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Defending life from the moment of conception

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News, 8 August 2002

8 August 2002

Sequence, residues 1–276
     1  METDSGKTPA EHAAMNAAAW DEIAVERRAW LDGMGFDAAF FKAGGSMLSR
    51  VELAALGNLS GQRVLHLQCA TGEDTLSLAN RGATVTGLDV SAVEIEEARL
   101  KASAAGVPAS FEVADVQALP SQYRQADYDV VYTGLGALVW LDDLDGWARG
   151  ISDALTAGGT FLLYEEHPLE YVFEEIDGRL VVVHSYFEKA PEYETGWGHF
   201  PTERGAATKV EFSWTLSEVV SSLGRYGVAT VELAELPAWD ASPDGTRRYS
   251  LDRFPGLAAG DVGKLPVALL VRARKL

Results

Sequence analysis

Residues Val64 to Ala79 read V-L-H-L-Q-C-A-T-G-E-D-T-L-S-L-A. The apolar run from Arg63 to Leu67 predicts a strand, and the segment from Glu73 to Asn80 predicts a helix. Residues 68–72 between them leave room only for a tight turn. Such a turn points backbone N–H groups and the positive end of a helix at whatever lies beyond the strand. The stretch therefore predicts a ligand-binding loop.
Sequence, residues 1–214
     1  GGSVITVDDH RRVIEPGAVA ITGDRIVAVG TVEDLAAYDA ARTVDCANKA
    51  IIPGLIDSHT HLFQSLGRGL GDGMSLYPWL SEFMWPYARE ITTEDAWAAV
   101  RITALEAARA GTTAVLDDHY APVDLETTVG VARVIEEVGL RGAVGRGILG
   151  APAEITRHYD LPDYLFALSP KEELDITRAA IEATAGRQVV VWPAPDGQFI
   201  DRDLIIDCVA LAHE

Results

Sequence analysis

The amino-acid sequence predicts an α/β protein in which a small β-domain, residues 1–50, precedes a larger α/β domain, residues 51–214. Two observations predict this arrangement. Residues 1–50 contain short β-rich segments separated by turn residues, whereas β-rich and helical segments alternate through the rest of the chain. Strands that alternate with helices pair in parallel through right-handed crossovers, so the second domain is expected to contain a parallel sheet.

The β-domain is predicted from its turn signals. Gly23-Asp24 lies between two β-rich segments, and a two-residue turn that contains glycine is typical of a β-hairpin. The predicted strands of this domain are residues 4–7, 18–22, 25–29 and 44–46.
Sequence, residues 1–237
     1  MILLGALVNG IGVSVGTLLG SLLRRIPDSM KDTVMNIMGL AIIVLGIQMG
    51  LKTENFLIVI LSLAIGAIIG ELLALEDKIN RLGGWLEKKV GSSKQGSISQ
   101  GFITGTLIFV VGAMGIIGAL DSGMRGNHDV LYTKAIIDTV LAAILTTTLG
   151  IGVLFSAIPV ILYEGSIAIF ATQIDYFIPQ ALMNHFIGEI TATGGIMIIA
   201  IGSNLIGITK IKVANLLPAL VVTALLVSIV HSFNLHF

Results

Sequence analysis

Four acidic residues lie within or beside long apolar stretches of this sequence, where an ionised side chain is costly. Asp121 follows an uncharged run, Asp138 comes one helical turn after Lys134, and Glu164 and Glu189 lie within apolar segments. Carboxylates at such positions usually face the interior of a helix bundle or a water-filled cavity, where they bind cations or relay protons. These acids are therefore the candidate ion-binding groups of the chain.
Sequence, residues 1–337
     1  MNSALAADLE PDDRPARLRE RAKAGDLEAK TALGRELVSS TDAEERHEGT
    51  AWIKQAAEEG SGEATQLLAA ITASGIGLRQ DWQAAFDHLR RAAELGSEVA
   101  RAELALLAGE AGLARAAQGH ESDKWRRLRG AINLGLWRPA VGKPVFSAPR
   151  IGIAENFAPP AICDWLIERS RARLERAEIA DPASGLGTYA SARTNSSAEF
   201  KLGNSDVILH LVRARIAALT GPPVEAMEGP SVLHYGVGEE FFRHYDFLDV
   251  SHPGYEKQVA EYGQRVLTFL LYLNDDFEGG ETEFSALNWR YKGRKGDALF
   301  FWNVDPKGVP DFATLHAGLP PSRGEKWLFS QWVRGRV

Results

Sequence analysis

8 August 2002 Marie Stopes International (MSI), a worldwide provider and promoter of abortion, is opening clinics in Afghanistan. The main MSI clinic will be located in a busy part of the capital Kabul and will provide so-called reproductive healthcare, counselling and education, as well as training for other reproductive healthcare providers. In addition, MSI will work in conjunction with the United Nations to open 15 other mini-clinics around the city which will refer women to the main clinic for "specialist services". [Discovery Health News, 8 August] If the MSI clinics provide surgical abortions or abortifacient drugs and devices, they would be flouting Afghan law which prohibits morning-after pills and permits abortions only under very strict--practically impossible--conditions. Violations carry with them a prison sentence of seven years. A prominent British Muslim has been presenting the pro-life message to the people of Lebanon in the Middle East. Dr A Majid Katme, a spokesman for the Islamic Medical Association on medical ethics, visited a number of towns in Lebanon, speaking on radio programmes and satellite channels and in town halls on abortion, human cloning and anti-life pressures at the United Nations. Dr Katme told SPUC: "During my visit to Lebanon I was very moved by the enthusiastic reception of the Lebanese public to the vital pro-life message, and many radio and other organisations asked me to stay longer to take the message to more towns and cities. No doubt there is great potential for the pro-life cause among the Arab Muslim and Christian communities." A spokesman for New Zealand's national police has said that Dr Philip Nitschke, the Australian pro-euthanasia campaigner, will probably be allowed to distribute suicide bags in the country. Dr Nitschke plans to bring the bags, which have an elasticised opening to facilitate suicide, to New Zealand later this year. A spokesman at the Police National Headquarters said that handing out the bags would probably not constitute the offence of aiding and abetting suicide, but that the police would have to investigate if an official complaint was made. [Stuff NZ News, 8 August ] Publicly funded researchers in the US are circumventing the ban on destructive embryonic stem cell research by using private money, according to a report in the New York Times. President Bush blocked the use of federal funds for research involving the destruction of any more embryos a year ago this week, but destructive embryo research remains legal and so researchers can continue to destroy embryos as long as they do so with private money. However, reports suggest that one effect of President Bush's ruling over the past year has been that American scientists have largely avoided the area of embryonic stem cell research altogether. [New York Times, 6 August] An Australian company intends to use tissue from aborted foetuses in the commercial production of embryonic stem cells for export next year. Robert Klupacs, chief executive of ES Cell International based in Melbourne, said that he was unaware of any legal impediment to the plan. The company is already exporting embryonic stem cells cultured on tissue from mouse foetuses, but Mr Klupacs envisages a great demand for stem cells cultured on human foetal tissue and hopes to perfect a technique whereby billions of stem cells can be produced in fermentation tanks. [Herald Sun, 8 August ]

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